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12-01-2007 04:20 AM

Hi ,

I have a number of independent(30) and dependent variables(10) which I would like to perform linear regression on. In addition, I may like to lag the independent variables and perform regression between all the independent variables and dependent variables.

For example,

indvar 1,indvar 2, indvar 3......indvar 30

depvar 1,depvar 2,depvar 3.....depvar 10

I would want to perform regression between indvar 1 against depvar 1 to depvar 10. (ie. there would be at least 300 regressions being performed.)

I would then like to output their regression statistics automatically to a dataset or excel sheet for further analysis.

Other than writing and repeating the code , is there any smart way to do this in an automatic manner whereby I could then examine the output statistics offline on another day?

I have a number of independent(30) and dependent variables(10) which I would like to perform linear regression on. In addition, I may like to lag the independent variables and perform regression between all the independent variables and dependent variables.

For example,

indvar 1,indvar 2, indvar 3......indvar 30

depvar 1,depvar 2,depvar 3.....depvar 10

I would want to perform regression between indvar 1 against depvar 1 to depvar 10. (ie. there would be at least 300 regressions being performed.)

I would then like to output their regression statistics automatically to a dataset or excel sheet for further analysis.

Other than writing and repeating the code , is there any smart way to do this in an automatic manner whereby I could then examine the output statistics offline on another day?

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Posted in reply to deleted_user

12-02-2007 05:32 PM

Assuming you have obeyed Zender's law 1 of macro writing and started with tested and working SAS code, then you could run the process in a macro where you passed a list of variables and defined an output destination for each.

However, things are not always as simple as they seem, and my limited grasp of advanced statistics is enough to tell me that there is a problem with the whole process as you describe it. It is reminiscent of the suspect in the basement of the Lubyanka who is being slapped across the face with a wet cloth and urged to confess to each crime in a long list. At some point, a confession will be made, but how can you know the confession is true after all this torture?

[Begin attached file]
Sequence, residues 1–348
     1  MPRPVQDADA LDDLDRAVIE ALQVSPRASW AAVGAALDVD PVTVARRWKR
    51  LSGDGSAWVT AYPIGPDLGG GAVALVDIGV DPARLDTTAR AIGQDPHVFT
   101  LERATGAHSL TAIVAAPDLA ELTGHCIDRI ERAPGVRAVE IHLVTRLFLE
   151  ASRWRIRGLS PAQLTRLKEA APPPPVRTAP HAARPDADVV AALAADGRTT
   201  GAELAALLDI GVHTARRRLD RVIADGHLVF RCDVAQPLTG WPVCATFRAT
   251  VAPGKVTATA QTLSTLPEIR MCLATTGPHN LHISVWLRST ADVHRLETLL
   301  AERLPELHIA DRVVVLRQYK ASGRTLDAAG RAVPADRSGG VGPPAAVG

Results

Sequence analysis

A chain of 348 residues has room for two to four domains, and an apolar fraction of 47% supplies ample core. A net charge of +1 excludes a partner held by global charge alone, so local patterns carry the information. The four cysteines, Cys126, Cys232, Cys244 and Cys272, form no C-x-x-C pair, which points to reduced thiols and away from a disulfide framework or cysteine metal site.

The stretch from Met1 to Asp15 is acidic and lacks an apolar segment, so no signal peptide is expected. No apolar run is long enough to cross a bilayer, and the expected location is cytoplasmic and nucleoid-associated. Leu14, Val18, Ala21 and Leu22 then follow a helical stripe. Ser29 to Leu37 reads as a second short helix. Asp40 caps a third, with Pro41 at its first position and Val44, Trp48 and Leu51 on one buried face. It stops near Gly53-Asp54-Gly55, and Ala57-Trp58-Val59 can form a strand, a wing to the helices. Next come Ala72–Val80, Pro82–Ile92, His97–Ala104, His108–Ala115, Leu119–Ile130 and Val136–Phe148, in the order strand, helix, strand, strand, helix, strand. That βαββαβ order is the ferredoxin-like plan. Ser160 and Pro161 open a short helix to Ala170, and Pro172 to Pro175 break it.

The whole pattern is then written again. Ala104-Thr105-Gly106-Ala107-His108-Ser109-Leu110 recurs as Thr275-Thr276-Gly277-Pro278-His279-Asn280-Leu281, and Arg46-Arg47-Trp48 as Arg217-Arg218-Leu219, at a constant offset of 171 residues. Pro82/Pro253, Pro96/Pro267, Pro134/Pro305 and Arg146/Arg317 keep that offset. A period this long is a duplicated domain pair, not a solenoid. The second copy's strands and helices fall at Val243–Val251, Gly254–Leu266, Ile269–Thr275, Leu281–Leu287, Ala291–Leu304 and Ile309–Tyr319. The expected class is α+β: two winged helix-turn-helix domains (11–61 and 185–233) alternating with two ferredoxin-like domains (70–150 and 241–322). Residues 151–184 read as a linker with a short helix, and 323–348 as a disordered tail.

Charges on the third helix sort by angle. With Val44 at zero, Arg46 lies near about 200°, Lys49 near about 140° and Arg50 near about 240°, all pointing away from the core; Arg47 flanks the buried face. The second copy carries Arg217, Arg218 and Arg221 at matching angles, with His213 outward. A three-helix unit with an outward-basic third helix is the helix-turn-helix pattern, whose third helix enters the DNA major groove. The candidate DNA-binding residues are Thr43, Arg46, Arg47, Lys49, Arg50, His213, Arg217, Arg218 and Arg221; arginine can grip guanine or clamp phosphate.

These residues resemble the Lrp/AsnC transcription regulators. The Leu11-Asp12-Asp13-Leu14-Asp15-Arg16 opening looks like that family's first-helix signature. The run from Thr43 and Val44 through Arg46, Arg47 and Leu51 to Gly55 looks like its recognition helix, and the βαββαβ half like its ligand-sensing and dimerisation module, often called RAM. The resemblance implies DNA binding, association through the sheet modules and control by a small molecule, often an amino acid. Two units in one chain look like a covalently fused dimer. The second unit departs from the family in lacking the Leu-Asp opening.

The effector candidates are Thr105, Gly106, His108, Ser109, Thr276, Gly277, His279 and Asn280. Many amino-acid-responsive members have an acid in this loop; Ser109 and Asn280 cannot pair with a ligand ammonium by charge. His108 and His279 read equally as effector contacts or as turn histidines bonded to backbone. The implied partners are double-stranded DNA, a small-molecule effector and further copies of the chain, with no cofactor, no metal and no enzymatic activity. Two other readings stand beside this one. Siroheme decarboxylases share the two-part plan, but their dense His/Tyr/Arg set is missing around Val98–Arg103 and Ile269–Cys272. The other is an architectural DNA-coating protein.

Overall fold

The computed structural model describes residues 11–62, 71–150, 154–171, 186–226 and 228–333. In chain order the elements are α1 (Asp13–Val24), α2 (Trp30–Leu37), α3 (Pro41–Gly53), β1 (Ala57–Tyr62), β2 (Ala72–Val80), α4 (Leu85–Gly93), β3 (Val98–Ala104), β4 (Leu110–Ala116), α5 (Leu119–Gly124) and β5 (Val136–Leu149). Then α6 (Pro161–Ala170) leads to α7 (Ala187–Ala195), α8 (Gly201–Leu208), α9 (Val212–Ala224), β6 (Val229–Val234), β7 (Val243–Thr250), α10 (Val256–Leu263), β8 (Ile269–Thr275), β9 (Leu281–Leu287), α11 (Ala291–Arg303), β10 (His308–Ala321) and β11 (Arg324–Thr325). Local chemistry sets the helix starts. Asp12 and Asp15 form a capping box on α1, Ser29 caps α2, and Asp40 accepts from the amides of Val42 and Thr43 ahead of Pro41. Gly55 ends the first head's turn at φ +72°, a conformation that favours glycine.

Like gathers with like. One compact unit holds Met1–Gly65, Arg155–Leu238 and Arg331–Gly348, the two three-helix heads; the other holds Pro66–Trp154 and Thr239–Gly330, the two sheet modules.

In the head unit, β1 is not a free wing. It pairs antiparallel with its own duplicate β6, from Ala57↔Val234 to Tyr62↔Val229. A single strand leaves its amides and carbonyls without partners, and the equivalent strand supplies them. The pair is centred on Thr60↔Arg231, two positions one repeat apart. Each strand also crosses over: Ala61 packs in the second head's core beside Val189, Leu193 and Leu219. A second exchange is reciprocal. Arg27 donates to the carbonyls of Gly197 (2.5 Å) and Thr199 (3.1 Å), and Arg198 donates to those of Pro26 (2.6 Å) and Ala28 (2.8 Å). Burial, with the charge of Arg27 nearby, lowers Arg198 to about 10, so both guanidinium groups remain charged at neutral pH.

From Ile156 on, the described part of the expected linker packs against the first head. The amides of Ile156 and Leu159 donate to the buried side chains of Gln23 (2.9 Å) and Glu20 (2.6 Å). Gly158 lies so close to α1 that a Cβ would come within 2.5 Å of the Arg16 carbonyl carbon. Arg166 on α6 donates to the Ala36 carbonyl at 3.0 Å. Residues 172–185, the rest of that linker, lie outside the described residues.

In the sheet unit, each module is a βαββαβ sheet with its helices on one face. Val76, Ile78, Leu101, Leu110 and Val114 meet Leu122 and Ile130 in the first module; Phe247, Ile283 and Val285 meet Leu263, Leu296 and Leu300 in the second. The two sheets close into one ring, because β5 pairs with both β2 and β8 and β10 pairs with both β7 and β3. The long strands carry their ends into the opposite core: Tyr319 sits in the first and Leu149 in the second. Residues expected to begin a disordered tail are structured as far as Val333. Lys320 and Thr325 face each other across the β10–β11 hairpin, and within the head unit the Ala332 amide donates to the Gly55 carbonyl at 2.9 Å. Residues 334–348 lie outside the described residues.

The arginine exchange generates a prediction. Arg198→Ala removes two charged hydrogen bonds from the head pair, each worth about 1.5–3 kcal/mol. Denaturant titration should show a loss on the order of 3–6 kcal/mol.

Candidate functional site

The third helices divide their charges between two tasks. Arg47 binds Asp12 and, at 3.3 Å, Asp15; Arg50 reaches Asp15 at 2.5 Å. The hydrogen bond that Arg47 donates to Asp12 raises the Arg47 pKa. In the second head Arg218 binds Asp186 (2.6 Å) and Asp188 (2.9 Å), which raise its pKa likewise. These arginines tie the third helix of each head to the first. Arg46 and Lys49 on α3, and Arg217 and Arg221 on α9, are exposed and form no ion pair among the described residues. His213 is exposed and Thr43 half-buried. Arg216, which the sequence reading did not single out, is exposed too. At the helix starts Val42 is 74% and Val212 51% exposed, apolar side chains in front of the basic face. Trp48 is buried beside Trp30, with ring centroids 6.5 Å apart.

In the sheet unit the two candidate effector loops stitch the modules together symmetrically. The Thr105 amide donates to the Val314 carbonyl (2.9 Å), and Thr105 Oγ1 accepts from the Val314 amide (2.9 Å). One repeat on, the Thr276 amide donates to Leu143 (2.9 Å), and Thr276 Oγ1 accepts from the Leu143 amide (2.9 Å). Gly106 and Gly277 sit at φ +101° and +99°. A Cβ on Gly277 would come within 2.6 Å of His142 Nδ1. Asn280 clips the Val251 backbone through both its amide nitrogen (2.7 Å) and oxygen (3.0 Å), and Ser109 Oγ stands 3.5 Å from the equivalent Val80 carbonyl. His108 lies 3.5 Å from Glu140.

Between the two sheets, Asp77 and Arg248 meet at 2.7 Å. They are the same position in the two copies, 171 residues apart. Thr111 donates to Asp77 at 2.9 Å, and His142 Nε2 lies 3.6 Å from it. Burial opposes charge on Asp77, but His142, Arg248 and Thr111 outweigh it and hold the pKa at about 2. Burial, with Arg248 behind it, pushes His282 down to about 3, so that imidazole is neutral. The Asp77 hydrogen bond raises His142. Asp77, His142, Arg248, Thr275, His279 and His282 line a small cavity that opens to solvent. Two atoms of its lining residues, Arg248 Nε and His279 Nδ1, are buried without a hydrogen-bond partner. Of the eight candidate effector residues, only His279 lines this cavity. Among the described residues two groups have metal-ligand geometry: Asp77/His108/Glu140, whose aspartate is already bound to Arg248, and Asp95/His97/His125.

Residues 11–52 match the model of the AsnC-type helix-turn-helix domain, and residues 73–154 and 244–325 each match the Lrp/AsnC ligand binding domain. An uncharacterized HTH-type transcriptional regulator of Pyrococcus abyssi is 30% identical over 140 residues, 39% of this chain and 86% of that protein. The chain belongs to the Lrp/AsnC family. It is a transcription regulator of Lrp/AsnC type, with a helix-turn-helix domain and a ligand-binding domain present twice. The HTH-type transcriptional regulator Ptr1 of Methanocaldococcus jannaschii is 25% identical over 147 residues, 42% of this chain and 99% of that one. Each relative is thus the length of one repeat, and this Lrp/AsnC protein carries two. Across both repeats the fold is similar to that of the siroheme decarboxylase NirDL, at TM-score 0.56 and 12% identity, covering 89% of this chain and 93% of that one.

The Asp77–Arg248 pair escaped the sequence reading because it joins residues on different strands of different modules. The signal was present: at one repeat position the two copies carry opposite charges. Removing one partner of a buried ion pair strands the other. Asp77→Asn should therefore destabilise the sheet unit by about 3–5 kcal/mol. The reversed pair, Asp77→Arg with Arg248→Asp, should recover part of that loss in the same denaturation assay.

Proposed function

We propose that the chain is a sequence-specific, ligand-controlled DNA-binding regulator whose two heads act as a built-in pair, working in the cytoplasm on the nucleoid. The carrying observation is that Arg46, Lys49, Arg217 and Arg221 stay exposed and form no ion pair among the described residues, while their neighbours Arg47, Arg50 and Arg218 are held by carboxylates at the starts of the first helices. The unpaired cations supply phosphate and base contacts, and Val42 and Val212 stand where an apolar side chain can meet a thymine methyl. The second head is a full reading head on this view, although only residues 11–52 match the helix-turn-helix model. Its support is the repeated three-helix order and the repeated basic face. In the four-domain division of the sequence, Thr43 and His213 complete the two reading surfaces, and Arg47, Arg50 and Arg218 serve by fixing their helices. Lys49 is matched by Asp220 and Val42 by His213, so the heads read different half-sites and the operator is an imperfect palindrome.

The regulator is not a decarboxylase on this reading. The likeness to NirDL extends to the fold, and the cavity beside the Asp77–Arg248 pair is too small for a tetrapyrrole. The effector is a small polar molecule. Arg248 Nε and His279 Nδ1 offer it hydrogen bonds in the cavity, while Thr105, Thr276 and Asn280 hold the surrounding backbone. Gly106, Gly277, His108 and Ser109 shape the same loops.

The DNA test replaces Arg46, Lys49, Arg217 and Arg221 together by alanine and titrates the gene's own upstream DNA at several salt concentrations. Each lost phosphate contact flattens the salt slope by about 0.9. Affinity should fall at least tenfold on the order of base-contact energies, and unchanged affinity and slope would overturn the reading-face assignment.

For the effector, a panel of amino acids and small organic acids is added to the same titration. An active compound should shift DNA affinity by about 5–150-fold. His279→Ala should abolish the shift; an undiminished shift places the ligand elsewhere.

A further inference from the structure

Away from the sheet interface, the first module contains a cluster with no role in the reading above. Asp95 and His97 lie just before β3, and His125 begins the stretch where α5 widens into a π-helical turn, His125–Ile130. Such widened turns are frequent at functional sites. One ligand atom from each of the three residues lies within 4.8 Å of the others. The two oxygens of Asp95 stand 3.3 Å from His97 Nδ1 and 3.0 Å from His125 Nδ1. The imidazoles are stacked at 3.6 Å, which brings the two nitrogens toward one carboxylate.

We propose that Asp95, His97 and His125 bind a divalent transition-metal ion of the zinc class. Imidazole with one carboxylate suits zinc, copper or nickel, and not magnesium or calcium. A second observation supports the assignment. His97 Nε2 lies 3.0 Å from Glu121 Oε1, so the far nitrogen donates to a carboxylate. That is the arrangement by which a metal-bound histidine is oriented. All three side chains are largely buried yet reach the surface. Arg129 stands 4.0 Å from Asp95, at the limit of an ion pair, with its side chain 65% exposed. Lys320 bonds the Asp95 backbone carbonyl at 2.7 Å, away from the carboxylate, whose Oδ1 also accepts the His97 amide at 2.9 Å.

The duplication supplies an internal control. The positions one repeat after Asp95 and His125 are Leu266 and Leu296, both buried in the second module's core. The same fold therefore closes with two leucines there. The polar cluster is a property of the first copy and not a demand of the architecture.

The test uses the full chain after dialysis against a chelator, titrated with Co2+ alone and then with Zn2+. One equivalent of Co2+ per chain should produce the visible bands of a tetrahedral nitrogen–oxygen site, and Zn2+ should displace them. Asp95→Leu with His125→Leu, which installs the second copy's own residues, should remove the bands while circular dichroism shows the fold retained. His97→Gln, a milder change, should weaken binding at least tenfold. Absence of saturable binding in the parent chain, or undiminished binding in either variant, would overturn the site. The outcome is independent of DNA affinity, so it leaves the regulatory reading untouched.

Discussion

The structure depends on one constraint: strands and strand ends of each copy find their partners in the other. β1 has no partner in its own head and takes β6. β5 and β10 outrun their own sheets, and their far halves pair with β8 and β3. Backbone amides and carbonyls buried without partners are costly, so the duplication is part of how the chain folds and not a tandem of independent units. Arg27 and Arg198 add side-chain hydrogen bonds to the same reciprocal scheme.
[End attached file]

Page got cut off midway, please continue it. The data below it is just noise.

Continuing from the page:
All you seem to have defined here is a series of questions, each of which will be tested and evaluated against a p-value. But if your p-value is 0.05, then you are saying that there is better than 1 chance in 20 that the result is meaningful. You, however, throw 300 such tests against it, and must expect that you are likely to have around 15 significant results just by statistical probability of the p-value. Tell me, which significant result is significant because it is significant, and which is significant because of the Lubyanka effect [patent pending]?

Isn't this a classic example of how to get type 1 errors? Errors that are indicative of a false positive? My statistically much wiser friend refers to this scenario as controlling the experiment-wide error rate. I suggest that before you proceed down the macro route and give yourself a set of wallpaper results, that you speak with someone who is far more knowledgeable in designing and executing experiments of this kind.

I don't mean to be unkind, but this is a question for deep and meaningful statistician speak, or perhaps for SAS Tech Support who can point you to other Procedures that handle multiple regressions, but it isn't for this forum.